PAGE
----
Christian Laymen volunteers pick up furniture donations, which are given to those in need or sold at a discount (Uniontown Herald-Standard photo)
By Alyssa Choiniere
CONNELLSVILLE, Pa. — Christian Laymen Corps has been feeding the hungry in the Connellsville mountains for about two decades, said CEO Curtis Hoffman.
“They’re nose-to-the grindstone, real, true farmers and mountain people who appreciate what we do for them,” Hoffman said.
The Greensburg-based organization started as a men’s group in 1990, and expanded as it connected with organizations in the region. Volunteers pick up used furniture donations from area residents and determine whether the item is “useable” or “sellable.” Useable items are donated for free to those in need. Sellable items are sold in the organization’s thrift shop, offering discounted furniture and while funding Christian Laymen.
“If it has value, we try to sell that, so we put that money back into our organization, and we will give items out for free to people in need,” he said.
Hoffman said Christian Laymen works with other local programs that distribute vouchers to those in need. The locals bring in the vouchers and collect what they need from the stockpile, which also includes clothing and household items.
Christian Laymen also provides children’s beds through A Bed for Every Child. Hoffmann said they started participating in the program in 2012 and receive grants to keep the program running.
- IF YOU WANT TO HELP: Furniture donation pickups can be arranged by calling 724-834-4464, or donations can be dropped off at 258 E. Pittsburgh St., Greensburg, from 10 a.m. to 3 p.m. Monday, Wednesday and Saturday. For more information, visit www.christianlaymencorps.com.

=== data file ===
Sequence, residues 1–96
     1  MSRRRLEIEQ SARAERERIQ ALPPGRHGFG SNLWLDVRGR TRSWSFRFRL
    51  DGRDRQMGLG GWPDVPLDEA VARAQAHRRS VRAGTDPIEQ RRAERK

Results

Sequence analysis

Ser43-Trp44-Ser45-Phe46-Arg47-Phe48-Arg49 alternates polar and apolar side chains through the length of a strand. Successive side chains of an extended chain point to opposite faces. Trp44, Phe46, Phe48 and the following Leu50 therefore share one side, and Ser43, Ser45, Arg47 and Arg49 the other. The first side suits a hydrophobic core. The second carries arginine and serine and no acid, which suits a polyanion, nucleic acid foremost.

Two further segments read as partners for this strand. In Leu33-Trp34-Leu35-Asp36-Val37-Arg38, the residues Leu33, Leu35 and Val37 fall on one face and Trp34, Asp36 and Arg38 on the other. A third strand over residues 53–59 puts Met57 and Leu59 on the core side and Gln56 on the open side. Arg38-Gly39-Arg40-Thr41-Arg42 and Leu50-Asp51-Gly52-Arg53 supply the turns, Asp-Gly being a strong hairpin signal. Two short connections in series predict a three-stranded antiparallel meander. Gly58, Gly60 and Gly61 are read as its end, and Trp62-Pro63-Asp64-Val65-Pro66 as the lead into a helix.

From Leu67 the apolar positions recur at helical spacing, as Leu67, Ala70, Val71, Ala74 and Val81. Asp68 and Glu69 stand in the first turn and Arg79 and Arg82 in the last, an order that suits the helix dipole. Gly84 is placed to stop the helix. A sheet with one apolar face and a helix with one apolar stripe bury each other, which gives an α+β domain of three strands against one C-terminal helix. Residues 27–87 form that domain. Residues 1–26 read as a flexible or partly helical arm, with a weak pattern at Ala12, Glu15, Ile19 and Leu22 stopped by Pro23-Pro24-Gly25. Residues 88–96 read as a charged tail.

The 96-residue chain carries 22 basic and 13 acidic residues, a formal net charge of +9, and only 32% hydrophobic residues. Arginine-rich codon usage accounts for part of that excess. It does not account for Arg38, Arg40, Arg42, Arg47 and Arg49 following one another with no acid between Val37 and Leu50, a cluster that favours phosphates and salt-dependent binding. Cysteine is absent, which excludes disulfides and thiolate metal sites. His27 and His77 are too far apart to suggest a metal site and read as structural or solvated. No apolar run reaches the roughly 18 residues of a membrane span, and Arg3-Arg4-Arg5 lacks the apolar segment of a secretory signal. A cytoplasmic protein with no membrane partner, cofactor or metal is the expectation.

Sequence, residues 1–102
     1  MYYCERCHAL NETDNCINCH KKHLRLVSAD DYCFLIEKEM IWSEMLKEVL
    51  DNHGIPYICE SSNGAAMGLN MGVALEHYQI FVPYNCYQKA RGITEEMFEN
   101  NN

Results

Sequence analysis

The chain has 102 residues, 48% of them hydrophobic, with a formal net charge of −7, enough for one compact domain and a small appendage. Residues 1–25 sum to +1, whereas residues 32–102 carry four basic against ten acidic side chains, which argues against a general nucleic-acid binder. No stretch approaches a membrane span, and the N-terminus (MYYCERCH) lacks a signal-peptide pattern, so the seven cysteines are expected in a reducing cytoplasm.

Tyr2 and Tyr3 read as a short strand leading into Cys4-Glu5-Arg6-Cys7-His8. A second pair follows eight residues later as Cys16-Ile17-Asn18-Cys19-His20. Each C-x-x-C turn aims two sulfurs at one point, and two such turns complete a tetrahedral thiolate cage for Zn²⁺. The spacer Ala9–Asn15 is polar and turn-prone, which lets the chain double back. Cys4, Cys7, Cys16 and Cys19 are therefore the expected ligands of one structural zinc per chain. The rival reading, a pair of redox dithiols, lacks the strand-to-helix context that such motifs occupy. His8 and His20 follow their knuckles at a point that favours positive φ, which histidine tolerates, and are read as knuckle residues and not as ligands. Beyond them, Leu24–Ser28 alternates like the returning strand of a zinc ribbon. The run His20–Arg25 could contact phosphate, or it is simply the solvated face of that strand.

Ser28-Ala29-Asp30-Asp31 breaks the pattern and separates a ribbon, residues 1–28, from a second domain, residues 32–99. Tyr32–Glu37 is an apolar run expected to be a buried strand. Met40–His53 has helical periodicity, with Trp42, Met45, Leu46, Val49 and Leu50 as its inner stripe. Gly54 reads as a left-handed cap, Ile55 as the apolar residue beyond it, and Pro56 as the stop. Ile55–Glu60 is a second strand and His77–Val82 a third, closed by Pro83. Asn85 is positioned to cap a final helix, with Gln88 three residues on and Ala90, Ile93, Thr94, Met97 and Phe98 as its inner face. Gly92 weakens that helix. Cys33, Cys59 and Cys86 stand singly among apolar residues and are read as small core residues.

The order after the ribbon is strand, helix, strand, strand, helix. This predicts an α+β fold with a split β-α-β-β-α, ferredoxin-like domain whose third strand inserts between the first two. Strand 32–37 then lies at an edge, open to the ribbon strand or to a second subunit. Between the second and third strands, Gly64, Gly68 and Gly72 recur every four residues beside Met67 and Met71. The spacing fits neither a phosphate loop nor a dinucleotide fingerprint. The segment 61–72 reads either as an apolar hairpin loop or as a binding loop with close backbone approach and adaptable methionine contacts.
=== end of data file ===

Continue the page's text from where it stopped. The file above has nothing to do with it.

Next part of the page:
The organization also received funding from a donor with a mission to serve veterans, Hoffman said. Through Soldier On: PAServes, veterans can receive a gold appreciation certificate worth $200 for anything in the store.
“Because of their service, we want to make sure they feel good about it,” Hoffman said.
They also provide emergency food, Hoffman said. This may include those who do not qualify for help through county programs, those who recently moved into the area, or those who need some extra help.
Hoffman said 50 people volunteer with the organization. He said the needs in Westmoreland County seemed to have decreased with COVID-19 relief funding, but he has seen a steady number of people needing food in Fayette County.
“It’s a different world we’re living in right now,” he said.
Hoffmann said it costs about $2,000 per year to run the Fayette County food program. Monetary donations and donations of food, clothing, furniture and other household items are always welcome, he said.
Alyssa Choiniere is a reporter for the Uniontown Herald-Standard. Readers may email her at [email protected]. Helping the Helpers is a cooperative effort between the Uniontown Herald-Standard and the Pennsylvania Capital-Star.
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